Writing the other day about František Uhlíř triggered a search through recently arrived CDs for the latest collection by Emil Viklický's trio. Viklický is the pianist in whose group Uhlíř has long been the bassist. He has collaborated with his contemporary George Mraz, another virtuoso Czech bassist, on two albums combining their beloved Moravian folk music with the jazz forms of which they are masters.
I have been listening to Ballads And More all day and marveling at Viklický's ability to fold into his thoroughly modern jazz conception the sensibility that originates in his Moravian heritage and is fed in great part by his adoration of the Czech national hero Leos Janáček. Viklický injects a suggestion of minor-key Moravian reflection even into major-key standards like "I Fall In Love Too Easily" and "Polka Dots And Moonbeams. There is much more than a suggestion in his own "Highlands, Lowlands." The program includes pieces by Cole Porter, Richie Beirach, Keith Jarrett, Harold Arlen and Pat Metheny (the touching "Always and Forever"). Jimmy Rowles's "Peacocks" follows Billy Strayhorn's "A Flower Is A Lovesome Thing," songs so suited to one another that I'm surprised musicians don't regularly pair them.
Uhlíř is brilliant throughout. European bassists trained in the academy tend to have flawless command of the bow. Uhlíř's arco solo on "Peacocks" is a stunning example. Drummer Laco Tropp's melodic mallets solo on Sammy Cahn's and Saul Chaplin's seldom-played "Dedicated To You" leads into a Viklický solo in which for a few bars his dazzling technique gleams through the ballad relaxation. Tropp evidently doesn't have an exhibitionist bone in his body. He settles for playing great time.
If your neighborhood is one of the few that still has a record store, Ballads And More may not show up in it. The Czech company ARTA's physical distribution is not world-wide. The internet, so far, is.
Anyone who attended last year's Cheltenham Festival is likely to have seen this trio pianist Emil Viklicky, bassist Frantisek Uhlir, drummer Laco Tropp playing an hour-long set that has been immortalised on the album Cookin' in Bonn (Dekkor), and which was described on this site as 'affectingly lyrical when addressing his speciality material, Moravian folk songs', but 'rumbustious where required' and 'touching and robust'.
Here, the Moravian folk songs are absent, and instead, the trio address a mix of standards, both ballad material (Styne/Cahn's 'I Fall in Love Too Easily', Jimmy Rowles's 'Peacocks', Chaplin/Parsons/Turner's 'Smile') and mid-tempo tunes ('Dedicated to You', Cole Porter's 'All of You'), the odd piece by Keith Jarrett ('Coral'), Richie Bierach ('Leaving') or Pat Metheny ('Always and Forever'), and two in-band originals.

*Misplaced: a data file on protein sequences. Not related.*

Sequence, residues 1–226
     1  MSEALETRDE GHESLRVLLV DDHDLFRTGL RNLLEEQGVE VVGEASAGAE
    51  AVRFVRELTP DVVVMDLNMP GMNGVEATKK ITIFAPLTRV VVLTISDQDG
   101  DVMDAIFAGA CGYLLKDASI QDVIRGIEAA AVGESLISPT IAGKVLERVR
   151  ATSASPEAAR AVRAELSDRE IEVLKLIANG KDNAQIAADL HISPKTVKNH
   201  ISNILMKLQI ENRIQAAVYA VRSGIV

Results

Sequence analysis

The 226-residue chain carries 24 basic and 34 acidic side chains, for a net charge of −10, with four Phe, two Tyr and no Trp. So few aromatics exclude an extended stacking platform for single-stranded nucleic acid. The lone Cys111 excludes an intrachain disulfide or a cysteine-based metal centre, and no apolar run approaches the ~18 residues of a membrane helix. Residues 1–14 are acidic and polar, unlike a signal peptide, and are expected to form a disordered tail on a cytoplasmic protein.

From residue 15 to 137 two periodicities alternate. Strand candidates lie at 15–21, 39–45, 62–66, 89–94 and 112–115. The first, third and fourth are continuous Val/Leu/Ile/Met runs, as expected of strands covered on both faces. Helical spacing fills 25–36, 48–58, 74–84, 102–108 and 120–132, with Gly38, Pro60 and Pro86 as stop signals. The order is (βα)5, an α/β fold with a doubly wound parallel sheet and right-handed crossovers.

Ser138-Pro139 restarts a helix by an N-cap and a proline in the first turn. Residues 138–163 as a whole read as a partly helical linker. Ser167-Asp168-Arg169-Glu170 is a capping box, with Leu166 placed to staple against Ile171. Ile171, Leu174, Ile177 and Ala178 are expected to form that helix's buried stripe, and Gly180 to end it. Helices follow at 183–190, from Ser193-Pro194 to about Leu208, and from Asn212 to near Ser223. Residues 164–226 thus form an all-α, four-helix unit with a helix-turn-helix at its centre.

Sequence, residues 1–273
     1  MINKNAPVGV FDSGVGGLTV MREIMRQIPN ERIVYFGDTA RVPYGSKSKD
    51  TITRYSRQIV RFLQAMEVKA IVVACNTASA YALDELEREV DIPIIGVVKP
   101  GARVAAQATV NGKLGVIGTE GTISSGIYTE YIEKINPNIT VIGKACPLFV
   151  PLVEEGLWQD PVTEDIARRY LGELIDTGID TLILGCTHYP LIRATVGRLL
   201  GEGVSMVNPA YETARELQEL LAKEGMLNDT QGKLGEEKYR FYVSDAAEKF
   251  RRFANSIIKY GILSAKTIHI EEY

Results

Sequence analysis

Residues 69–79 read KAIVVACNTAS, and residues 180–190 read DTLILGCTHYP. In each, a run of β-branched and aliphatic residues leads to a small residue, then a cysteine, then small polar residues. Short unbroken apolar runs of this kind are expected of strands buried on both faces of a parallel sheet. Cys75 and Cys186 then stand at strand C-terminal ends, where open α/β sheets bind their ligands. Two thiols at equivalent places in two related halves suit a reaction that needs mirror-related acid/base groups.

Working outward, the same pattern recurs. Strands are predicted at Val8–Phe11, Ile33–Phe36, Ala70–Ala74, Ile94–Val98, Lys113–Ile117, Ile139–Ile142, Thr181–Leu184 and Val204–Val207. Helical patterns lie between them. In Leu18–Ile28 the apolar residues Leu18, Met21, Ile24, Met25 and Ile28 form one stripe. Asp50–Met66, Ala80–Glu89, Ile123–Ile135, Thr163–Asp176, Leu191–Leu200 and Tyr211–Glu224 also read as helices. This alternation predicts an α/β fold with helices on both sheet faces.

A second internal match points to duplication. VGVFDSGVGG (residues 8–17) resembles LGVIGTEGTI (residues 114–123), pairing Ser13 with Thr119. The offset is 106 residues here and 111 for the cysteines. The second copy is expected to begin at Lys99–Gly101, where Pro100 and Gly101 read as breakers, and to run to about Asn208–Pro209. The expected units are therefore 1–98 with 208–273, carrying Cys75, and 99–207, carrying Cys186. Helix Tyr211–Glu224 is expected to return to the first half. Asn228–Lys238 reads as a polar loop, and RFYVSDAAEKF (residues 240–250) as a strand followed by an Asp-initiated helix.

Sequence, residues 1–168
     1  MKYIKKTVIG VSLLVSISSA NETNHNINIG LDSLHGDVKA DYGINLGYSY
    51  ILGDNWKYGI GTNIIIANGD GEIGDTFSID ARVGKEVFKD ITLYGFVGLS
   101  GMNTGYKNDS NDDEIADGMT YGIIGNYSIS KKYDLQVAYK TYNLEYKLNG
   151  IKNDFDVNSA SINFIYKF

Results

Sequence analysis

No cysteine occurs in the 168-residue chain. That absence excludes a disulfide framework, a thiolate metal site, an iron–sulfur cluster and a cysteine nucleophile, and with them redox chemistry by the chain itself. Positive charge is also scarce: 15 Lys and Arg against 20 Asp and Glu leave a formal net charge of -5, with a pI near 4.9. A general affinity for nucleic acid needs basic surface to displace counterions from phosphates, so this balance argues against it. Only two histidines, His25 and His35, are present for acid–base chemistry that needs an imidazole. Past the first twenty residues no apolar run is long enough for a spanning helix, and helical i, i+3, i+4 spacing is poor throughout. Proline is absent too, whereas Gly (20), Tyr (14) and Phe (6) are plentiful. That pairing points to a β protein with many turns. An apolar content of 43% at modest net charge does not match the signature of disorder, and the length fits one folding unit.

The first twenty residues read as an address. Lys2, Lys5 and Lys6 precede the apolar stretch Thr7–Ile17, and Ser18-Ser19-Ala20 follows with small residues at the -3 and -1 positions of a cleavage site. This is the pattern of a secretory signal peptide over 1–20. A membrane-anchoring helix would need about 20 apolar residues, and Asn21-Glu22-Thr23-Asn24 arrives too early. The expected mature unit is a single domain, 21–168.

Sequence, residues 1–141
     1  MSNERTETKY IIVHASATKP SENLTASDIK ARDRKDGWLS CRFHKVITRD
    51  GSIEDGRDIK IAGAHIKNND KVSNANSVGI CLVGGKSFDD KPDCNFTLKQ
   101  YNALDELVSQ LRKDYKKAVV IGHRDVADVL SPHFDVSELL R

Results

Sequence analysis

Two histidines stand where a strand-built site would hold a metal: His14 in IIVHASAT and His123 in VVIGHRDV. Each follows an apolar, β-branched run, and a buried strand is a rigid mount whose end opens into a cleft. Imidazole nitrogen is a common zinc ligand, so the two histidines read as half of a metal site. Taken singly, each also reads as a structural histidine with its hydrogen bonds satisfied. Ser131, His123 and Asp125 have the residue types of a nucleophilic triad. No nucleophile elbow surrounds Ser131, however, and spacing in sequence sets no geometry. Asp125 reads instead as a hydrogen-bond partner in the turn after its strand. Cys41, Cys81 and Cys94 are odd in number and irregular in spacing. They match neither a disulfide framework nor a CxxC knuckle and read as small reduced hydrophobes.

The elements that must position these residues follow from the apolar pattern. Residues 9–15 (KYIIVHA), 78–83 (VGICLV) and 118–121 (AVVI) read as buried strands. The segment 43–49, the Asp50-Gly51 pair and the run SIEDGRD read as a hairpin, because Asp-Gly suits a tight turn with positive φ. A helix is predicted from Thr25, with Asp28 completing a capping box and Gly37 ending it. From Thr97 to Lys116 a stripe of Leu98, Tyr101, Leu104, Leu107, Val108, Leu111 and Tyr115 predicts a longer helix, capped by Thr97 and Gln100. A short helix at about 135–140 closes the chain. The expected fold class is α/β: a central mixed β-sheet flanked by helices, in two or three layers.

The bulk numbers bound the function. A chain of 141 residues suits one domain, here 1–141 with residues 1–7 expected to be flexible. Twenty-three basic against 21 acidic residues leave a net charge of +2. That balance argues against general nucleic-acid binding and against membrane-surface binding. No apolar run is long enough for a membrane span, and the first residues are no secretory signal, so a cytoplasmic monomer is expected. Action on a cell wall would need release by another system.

The result is a well-balanced set drawing on all Viklicky's considerable strengths: a chiming delicacy infused with an attractive yearning quality and the capacity to harden as required into energetic vigour, a wonderfully fertile improvisational imagination shared by the eloquent, pure-toned Uhlir (who deservedly shares the solo spotlight throughout), and a musical intelligence that enhances tunes' strengths without unnecessarily distorting them (his subtle shift into mid-tempo during 'I Fall in Love Too Easily' a case in point).
Very much a working band, totally at ease with, yet capable of striking sparks off, each other, Viklicky/Uhlir/Tropp are a world-class, elegant unit who should be caught live if the opportunity arises.
CD review by Chris Parker, The Vortex Jazz, London
for further review, please see all about jazz or read the following text
Pianist Kenny Barron, on several occasions, has said that in his view the ballad is what separates the wheat from the chaff with musicians. “As far as I'm concerned,” he maintains, “if you can't play a ballad, forget about it!” Numerous jazz luminaries, as if in recognition of this fact, devoted an entire album to the form, including saxophonists Dexter Gordon, John Coltrane, Stanley Turrentine and Sonny Rollins, pianists Dave Brubeck and McCoy Tyner, and guitarist Grant Green.
Emil Viklicky has now (almost) joined this group with Ballads And More. Dubbed “The patriarch of Czech jazz piano,” Viklicky is known for combining the melodicism and tonalities of Moravian folk music with modern jazz harmonies and classical orchestration in a distinctly individual style.